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In 2011, the Texas government cut $5.4 billion from the budget for public schools; thousands of teachers were laid off. (If you open the links, you will see that the NPR report says the budget cut was “over $4 billion” and describes the devastating impact on schools, but the actual figure was $5.4 billion in cuts.) In the seven years then, the state has restored some of that deep cut, but the enrollment in the schools has far outstripped any increases in the budget.
The state created a commission to study school finance, which recently issued its report. Its most controversial recommendation is “outcomes-based funding.” Carol Burris, executive director of the Network for Public Education, reviews that report today at Valerie Strauss’s “The Answer Sheet” in the Washington Post, based on a careful review of the evidence about “outcomes-based funding.”
Texas has a problem. After years of inadequately and inequitably funding its public schools, the chickens have come home to roost. Texas now ranks 46th in the country in fourth-grade National Assessment of Educational Progress reading proficiency, dropping from its previous dismal rank of 41 in 2015. For several years there has also been discontent around the college readiness of its high school students.
The Texas decline should come as no surprise. For nearly a decade, the state has decreased its funding for schools, making an inequitable school funding system even more unequal. The rapid expansion of charter schools has further drained public schools of funds.
Texas public schools have two revenue streams — the local property tax and state funding. State funding is supposed to make the system more equitable — closing the gap between districts that are property poor and property rich. Texas itself is not a poor state and yet state funding has steadily decreased.
Last fall, UT News estimated the decline in state revenue to schools to be close to 12.6 percent per pupil between 2008 to 2017, despite a 13.7 percent increase in student enrollment.
In order to address the problem, the Texas Commission for Public School Finance was created. Last month it issued its final report, “Funding for Impact: Funding for Students Who Need it the Most.” As its title notes, the commission concluded that school funding should be redesigned to provide “equitable funding for students who need it the most.” This is critical in a state where nearly 40 percent of all households are supported by single moms living in poverty.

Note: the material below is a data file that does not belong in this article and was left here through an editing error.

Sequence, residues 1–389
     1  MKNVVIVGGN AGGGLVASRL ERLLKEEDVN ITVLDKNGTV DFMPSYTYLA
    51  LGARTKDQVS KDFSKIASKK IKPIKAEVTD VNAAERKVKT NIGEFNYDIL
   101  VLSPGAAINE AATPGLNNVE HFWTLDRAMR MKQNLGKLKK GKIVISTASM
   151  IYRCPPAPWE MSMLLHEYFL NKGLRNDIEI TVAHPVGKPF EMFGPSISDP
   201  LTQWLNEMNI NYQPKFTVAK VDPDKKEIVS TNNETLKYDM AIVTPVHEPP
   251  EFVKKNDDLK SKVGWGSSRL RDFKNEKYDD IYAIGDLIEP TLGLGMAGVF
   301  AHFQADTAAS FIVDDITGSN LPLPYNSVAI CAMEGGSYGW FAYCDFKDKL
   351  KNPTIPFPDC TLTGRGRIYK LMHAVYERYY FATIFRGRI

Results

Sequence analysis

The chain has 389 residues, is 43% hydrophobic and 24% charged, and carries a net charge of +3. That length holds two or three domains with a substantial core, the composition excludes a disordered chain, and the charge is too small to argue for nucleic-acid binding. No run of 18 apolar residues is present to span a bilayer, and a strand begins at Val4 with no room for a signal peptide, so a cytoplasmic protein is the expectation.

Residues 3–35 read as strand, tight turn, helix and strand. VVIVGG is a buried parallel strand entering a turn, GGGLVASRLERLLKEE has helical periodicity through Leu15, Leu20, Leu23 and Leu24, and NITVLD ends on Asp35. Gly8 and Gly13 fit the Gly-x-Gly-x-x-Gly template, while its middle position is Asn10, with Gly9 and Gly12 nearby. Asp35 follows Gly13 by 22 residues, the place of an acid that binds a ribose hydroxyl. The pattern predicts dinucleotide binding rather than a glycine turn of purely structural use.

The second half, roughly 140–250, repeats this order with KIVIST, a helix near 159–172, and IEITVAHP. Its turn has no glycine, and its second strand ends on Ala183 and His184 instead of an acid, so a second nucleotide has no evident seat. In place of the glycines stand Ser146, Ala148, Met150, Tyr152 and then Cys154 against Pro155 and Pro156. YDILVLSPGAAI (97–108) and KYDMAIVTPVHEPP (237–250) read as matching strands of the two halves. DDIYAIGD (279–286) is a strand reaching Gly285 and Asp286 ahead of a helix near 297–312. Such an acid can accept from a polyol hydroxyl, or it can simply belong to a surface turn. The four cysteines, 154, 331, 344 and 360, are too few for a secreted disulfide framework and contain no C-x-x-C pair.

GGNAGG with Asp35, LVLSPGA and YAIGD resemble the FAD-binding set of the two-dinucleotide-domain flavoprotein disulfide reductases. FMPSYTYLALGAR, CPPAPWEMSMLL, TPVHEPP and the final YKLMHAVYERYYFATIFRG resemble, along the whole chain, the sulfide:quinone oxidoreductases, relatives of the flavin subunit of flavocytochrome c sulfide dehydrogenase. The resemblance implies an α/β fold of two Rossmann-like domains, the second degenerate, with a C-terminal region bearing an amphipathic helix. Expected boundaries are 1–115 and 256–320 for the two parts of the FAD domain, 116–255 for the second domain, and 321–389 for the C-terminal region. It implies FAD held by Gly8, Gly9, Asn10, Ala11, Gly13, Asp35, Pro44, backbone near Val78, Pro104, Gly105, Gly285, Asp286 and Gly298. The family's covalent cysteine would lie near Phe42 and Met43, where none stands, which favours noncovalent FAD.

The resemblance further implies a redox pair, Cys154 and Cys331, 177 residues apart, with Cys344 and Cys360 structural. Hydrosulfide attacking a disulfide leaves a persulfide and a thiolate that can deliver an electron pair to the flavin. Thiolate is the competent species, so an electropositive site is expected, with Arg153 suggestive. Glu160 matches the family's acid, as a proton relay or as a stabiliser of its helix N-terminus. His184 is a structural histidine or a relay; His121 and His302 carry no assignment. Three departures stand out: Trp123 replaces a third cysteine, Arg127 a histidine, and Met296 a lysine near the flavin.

There are some good things in the report. The commission acknowledged that poverty matters and preschool should be expanded. It also proposed the usual ineffective and harmful ideas like evaluating teachers by test scores and merit pay.
But perhaps the most startling feature of the report is its recommendation to use outcomes-based funding as a critical component of the school funding system. Outcomes-based education funding is highly controversial. It is ineffective and can make inequities worse. And this Texas version, which is especially bad, will result in the rich getting richer and the poor getting poorer with funding going to students who need it the least, not the most.
What is outcomes-based funding in education?
Outcomes-based funding, also known as performance-based funding, is based on the belief that if schools are paid for performance, better outcomes will result. It carries with it the unspoken assumption that somehow teachers and principals are “slackers” and have far more control of how students perform on tests than they are willing to admit. The foremost Florida legislative advocate of performance funding was described as believing this: “[Y]ou could get performance altered by money. If you put a pot of money out there, people would change their behavior in order to chase that money.”